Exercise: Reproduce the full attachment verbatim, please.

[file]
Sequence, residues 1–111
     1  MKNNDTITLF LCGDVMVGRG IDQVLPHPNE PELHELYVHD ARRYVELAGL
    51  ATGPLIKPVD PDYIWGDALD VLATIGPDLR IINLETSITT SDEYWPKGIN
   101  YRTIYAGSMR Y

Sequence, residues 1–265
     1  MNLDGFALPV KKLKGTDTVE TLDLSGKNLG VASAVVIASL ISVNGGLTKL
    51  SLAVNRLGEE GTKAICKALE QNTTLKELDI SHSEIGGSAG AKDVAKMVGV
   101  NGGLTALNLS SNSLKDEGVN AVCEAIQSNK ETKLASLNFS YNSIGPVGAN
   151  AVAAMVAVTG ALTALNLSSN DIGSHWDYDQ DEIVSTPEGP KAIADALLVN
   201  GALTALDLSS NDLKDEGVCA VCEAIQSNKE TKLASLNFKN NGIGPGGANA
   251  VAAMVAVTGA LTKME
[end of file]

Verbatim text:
Sequence, residues 1–111
     1  MKNNDTITLF LCGDVMVGRG IDQVLPHPNE PELHELYVHD ARRYVELAGL
    51  ATGPLIKPVD PDYIWGDALD VLATIGPDLR IINLETSITT SDEYWPKGIN
   101  YRTIYAGSMR Y

Sequence, residues 1–265
     1  MNLDGFALPV KKLKGTDTVE TLDLSGKNLG VASAVVIASL ISVNGGLTKL
    51  SLAVNRLGEE GTKAICKALE QNTTLKELDI SHSEIGGSAG AKDVAKMVGV
   101  NGGLTALNLS SNSLKDEGVN AVCEAIQSNK ETKLASLNFS YNSIGPVGAN
   151  AVAAMVAVTG ALTALNLSSN DIGSHWDYDQ DEIVSTPEGP KAIADALLVN
   201  GALTALDLSS NDLKDEGVCA VCEAIQSNKE TKLASLNFKN NGIGPGGANA
   251  VAAMVAVTGA LTKME